Still, the best way to get an optimal filter is by providing your filter specs and figuring out how many poles you need to get it given a particular filter topology, and then using a pole-placing topology to get it -- e.g., use the filter design tools the way they were meant to be used.

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  • \$\begingroup\$ I've looked at the tools at all 3 of the manufacturers that you mention (and many others) - several times over the past many years. I also have purchased filter calculator programs that are very effective at designing multiple-pole filters. None of them addresses the situation that I've described. \$\endgroup\$ – Dwayne Reid Feb 23 '15 at 21:05
  • \$\begingroup\$ That's because cascading low-pole filters does not produce an optimal high-pole filter. The way to use a good filter design calculator is to spec out the frequency response you need, and let the filter designer give you the appropriate filter with the appropriate number of poles in the appropriate places. \$\endgroup\$ – Scott Seidman Feb 23 '15 at 21:12
  • \$\begingroup\$ you are correct. However, space constraints force me to use a single 8-pin package. That gives me two op-amp stages and one of those is already used. This is the other op-amp in the package and provides the gain needed. Because the gain stage is there and available, I have the ability to include my hi-pass filters at this point. I have my choice: 0, 1, or 2 poles of high-pass filter in this stage. I want to use 2. \$\endgroup\$ – Dwayne Reid Feb 23 '15 at 21:25
  • \$\begingroup\$ Modified my answer. If you want to design that way, you need to calculate for the -1.5dB point for one stage. \$\endgroup\$ – Scott Seidman Feb 23 '15 at 21:29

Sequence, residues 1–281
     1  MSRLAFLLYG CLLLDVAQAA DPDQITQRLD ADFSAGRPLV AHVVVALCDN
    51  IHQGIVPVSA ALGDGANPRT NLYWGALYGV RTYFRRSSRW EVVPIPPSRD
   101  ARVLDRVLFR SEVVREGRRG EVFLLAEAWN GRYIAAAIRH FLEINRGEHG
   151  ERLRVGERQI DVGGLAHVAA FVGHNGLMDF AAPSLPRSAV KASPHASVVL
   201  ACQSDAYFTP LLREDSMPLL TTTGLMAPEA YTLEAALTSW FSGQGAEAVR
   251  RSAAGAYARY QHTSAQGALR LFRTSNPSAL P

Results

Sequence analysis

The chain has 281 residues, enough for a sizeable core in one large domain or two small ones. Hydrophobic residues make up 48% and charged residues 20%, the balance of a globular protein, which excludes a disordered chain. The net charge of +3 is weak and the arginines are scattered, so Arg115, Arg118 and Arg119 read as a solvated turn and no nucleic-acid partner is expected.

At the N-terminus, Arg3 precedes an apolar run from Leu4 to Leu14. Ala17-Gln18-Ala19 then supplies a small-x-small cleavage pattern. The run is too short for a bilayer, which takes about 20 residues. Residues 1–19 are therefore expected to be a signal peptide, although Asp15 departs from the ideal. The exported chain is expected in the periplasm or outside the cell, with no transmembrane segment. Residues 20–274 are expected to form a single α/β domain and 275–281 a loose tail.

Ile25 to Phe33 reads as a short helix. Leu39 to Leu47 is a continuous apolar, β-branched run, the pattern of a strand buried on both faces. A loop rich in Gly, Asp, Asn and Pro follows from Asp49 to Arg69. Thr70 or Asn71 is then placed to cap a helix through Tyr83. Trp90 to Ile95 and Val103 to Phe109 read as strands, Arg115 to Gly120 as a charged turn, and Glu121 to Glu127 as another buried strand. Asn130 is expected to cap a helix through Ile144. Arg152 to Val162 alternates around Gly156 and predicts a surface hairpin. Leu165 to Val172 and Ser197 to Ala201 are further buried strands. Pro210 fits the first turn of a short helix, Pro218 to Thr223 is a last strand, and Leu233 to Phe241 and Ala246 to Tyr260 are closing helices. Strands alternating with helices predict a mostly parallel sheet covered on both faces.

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It is not quite clear to me what you are looking for. Are you forced to use the shown topology? I suppose you know that there are second-order highpass filters which are simple to design?

The problem with your circuit is that the second first-order highpass (opamps feedback) is not a "classical" highpass because the gain has a finite value of unity for w=0. Is this topology a requirement? This complicates the calculation of the 3-dB frequency because the numerator of the transfer function has the form N(s)=as+bs² (a=0 for classical functions).

Because you are asking for a "tool". At present, I only can think of a classical circuit simulation program. Performing several ac simulations with parameter stepping (e.g. C2) should give you the desired information.

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  • \$\begingroup\$ I frequently have a number of cascaded stages with op-amps in those stages. These stages are usually gain or filters. Because these stages are AC coupled, I have the freedom to change those coupling components into a hi-pass filter. That makes adding extra poles of filtering extremely inexpensive. The downside is that the break point is "mushy" and not well defined. That's OK - I simply set all the combined break points low enough that I still get the passband response needed. But the extra attenuation at lower frequencies often greatly improves performance. \$\endgroup\$ – Dwayne Reid Feb 25 '15 at 4:54
  • \$\begingroup\$ Nevertheless, a simple 2nd-order highpass filter in Sallen-Key topology is also capacitively coupled - and is easier to design. More than that, it is more flexible because you can implement pole-Q values larger than 0.5 (upper limit for your design). \$\endgroup\$ – LvW Feb 25 '15 at 8:05
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http://sim.okawa-denshi.jp/en/Fkeisan.htm

You can try this,It's good for filter design.

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    \$\begingroup\$ Hello Karthik, a link is not sufficient as an answer, please add some summary of its content, in case it gets broken \$\endgroup\$ – clabacchio Jul 25 '17 at 13:31